VALLE VISTA: Woman killed when airborne SUV smashes head-on into bus
VALLE VISTA — A 38-year-old, Hemet woman died when her vehicle hit a berm, went airborne and smashed – mid-air and head-on – into the front of a parked bus. The woman’s SUV burst into flames upon impact and firefighters had to conduct extensive extrication to recover the victim’s body after extinguishing the blaze.
The fiery accident happened just after midnight, Sunday, Oct. 8, at the “T” intersection of Chicago Avenue and Cedar/Fairview Avenue in the unincorporated community of Valle Vista.
One area resident who ran to the scene to try to render aid, Nathan Diaz, later said he had been watching television inside his residence when the accident happened.
“It sounded like a sonic boom. I could feel it three blocks down, at Windfall and Cedar,” Diaz described. “Then we heard shouting from as far down as we were.”
Diaz, his family members and other neighbors came running from their homes when they heard the tremendous crash, which Diaz described as “three loud booms.”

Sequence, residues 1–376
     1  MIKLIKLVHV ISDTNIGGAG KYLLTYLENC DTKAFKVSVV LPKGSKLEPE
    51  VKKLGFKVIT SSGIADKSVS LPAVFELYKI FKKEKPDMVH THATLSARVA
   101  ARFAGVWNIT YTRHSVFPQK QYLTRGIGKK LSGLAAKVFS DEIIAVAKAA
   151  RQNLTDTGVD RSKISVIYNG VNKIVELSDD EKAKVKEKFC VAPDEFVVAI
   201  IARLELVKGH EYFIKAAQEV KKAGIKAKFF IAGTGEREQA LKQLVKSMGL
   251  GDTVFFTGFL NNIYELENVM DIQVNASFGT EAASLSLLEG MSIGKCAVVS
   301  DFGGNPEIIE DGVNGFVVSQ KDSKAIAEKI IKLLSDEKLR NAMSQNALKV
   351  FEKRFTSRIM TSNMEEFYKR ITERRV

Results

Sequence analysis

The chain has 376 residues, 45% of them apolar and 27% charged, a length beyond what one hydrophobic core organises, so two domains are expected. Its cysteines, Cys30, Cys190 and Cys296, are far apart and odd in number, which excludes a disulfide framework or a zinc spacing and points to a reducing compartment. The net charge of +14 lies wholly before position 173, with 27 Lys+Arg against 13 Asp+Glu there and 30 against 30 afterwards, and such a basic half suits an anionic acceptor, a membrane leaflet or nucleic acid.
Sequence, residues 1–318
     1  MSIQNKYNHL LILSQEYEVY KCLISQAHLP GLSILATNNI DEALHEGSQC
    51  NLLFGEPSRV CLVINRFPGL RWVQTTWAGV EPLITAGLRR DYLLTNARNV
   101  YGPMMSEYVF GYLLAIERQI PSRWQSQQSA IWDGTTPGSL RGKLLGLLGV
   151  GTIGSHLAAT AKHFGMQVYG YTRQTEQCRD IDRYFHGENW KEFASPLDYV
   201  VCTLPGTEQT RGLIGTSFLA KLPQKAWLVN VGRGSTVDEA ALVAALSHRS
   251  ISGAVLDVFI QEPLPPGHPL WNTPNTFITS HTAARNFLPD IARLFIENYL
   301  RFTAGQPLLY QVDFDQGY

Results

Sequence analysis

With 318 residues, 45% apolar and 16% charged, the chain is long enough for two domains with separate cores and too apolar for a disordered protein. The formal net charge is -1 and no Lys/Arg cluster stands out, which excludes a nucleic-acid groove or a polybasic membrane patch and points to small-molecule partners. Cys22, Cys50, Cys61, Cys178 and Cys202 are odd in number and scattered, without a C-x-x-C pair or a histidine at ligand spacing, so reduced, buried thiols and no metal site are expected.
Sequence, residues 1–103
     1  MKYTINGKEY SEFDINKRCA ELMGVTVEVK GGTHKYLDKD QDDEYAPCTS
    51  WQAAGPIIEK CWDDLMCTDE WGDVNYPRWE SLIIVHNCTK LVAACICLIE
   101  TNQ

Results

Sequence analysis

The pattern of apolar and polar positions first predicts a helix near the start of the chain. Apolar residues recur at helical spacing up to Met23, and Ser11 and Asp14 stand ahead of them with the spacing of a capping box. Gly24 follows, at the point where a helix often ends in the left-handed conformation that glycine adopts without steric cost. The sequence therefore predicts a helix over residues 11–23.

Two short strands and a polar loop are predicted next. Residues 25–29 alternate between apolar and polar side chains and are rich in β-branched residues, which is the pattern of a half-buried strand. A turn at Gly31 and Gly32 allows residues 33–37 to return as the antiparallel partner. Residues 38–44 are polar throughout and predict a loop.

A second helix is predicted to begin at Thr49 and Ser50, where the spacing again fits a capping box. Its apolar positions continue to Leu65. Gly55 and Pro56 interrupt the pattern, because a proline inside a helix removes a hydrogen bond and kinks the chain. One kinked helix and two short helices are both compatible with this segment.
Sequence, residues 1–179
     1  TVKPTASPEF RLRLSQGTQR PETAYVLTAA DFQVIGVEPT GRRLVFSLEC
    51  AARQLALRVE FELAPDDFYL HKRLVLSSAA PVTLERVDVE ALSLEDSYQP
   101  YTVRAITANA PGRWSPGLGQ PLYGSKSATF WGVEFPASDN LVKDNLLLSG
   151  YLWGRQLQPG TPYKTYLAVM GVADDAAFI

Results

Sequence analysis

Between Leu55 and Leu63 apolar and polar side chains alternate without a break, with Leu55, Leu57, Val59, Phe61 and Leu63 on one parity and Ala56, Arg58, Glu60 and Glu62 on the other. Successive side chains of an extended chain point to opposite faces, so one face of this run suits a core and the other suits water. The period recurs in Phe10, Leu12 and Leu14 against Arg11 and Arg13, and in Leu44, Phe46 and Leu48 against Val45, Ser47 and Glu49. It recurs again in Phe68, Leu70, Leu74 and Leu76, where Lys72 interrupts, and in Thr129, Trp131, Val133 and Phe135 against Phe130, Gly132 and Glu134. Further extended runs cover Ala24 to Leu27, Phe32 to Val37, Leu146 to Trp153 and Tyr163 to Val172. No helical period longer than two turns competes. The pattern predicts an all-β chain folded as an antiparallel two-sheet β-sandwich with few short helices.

When Diaz got to the fiery wreck, he described finding “a horrific scene.”
“I don’t know if anyone got out,” Diaz explained. “Honestly, by the looks of it, I don’t think anyone could have gotten out.”
Seventeen firefighters from four engine companies responded to the scene of the fatal wreck, Cal Fire/Riverside County Fire Spokeswoman Jody Hagemann explained in an incident report. They were assisted by Soboba firefighters and American Medical Response medics.
When police, fire personnel and other rescue personnel arrived, they found the blazing wreck of the Dodge. Flames from the SUV had begun to spread into the bus, which was soon fully engulfed in fire.
Firefighters immediately began to battle the blaze and called for additional resources that would be needed to perform a cut and rescue operation to try to save anyone potentially trapped inside the SUV or the bus
While firefighters battled the blazing fire and worked to extricate the victim from the SUV, California Highway Patrol officials investigated the cause of the deadly crash.